Inflationary fears form the backdrop to good indicators for several markets and sectors, but there are robust defensive moves investors can be taking to mitigate the risks.
Hopes for an effective Covid vaccine and the resumption of “normal service” in White House have offered investors much-needed respite from this year’s barrage of bad news. Here, experts from our panel of wealth managers examine the portfolio implications of these glad tidings.
Vaccine news is seen as a booster for European and UK cyclical stocks
Belief in US growth reinforced by factors likely to keep interest rates low
Reasons to hope for healthy US-China relations that will bode well for global equities
Pfizer’s announcement that it is has developed a vaccine ready for regulatory approval has been welcome news for the markets. Equities and other risk markets have moved sharply. The 90% infection prevention rate has boosted investor sentiment, which was also buoyed by the US Election result.
The pandemic has been dealt with through a series of instruments, which are progressively becoming less blunt. First came the lockdowns. Then central banks, following the Federal Reserve’s lead, opened monetary policy taps to pump money into struggling economies. Next came furloughing, payroll protection and direct payments to households. But the vaccine is the most crucial. Until the virus is under control, economies cannot get back to normal.
This might be a false dawn. The logistical process of manufacturing and distributing billions of vaccines cannot be underestimated. The virus will be with us for a long time, but its impact on economic activity could be dampened, which is why markets are soaring.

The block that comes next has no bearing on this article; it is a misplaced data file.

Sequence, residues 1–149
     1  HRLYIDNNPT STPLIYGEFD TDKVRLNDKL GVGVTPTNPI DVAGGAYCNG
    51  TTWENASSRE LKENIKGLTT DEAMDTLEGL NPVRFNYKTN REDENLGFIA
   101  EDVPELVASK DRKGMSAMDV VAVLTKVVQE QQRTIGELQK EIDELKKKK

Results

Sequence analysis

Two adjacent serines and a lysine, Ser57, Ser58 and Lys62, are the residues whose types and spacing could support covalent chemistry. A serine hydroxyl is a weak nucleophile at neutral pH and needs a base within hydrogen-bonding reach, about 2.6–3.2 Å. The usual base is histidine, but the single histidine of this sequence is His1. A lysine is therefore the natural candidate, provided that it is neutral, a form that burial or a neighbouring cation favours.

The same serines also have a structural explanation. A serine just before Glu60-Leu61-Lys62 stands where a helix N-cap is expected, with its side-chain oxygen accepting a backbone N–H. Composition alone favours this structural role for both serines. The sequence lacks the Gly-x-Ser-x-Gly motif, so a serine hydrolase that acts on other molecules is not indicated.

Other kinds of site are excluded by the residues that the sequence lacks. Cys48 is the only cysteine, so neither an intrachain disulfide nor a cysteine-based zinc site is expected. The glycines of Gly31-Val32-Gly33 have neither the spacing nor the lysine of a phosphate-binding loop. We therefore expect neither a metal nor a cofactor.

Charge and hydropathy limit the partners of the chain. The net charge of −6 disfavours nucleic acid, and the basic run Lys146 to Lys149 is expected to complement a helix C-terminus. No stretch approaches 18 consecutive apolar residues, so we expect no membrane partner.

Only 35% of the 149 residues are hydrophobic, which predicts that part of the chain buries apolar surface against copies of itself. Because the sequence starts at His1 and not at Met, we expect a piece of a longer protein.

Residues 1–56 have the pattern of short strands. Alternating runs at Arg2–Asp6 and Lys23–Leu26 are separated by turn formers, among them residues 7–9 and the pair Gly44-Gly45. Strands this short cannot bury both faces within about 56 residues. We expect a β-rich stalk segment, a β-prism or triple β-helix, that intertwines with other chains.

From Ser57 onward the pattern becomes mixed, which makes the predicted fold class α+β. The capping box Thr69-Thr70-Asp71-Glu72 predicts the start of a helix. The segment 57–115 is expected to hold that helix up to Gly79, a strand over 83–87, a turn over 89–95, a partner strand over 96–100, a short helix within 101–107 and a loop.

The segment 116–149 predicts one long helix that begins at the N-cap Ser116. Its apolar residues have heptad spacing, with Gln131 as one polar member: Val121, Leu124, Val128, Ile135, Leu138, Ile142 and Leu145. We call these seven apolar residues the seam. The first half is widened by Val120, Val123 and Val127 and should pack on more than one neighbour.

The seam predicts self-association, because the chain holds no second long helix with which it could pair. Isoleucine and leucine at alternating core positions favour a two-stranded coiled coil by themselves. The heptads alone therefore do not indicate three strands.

We also like European equities and the latest vaccine news supports this – the early indicators are that it will benefit cyclical stocks, such as industrials and travel. UK equities will gain from the same dynamic
So, how will the vaccine impact investors?
We have been recommending being constructive on equities and risk for a few months, seeking ideas to navigate the uncertainty. We like technology and healthcare themes that have shown their resilience during the pandemic. We have implemented ESG (environmental, social and governance) themes into the wider portfolio, related to clean energy and cyber security – and the environmental message provided by US President-Elect Biden should be reflected in climate change investments.
We also like European equities and the latest vaccine news supports this – the early indicators are that it will benefit cyclical stocks, such as industrials and travel. UK equities will gain from the same dynamic.
There is still a way to go, but this week the message is clearer: we are seeing the light at the end of the virus tunnel and this is positive for investors.
Chief Investment Officer at Canaccord Genuity Wealth Management
The polls had long been indicating a landslide victory for Biden in the recent US elections, but the highly anticipated “Blue Wave”, with the Democrats taking both the Presidency and the Senate, did not materialise.
Undaunted however, the markets welcomed this news believing that a somewhat constrained Biden presidency, rather than a one-sided government, is likely to lead to a better outcome for investors during his tenure at the White House.
Biden will take office whilst inflation and interest rates are low, unemployment is high, but equity valuations along with public and private sector debt are at record high levels. However, further fiscal stimulus and an accommodative Fed should mean interest rates will remain low, thus enhancing future growth prospects.
Biden will take office whilst inflation and interest rates are low, unemployment is high, but equity valuations along with public and private sector debt are at record high levels. However, further fiscal stimulus and an accommodative Fed should mean interest rates will remain low, thus enhancing future growth prospects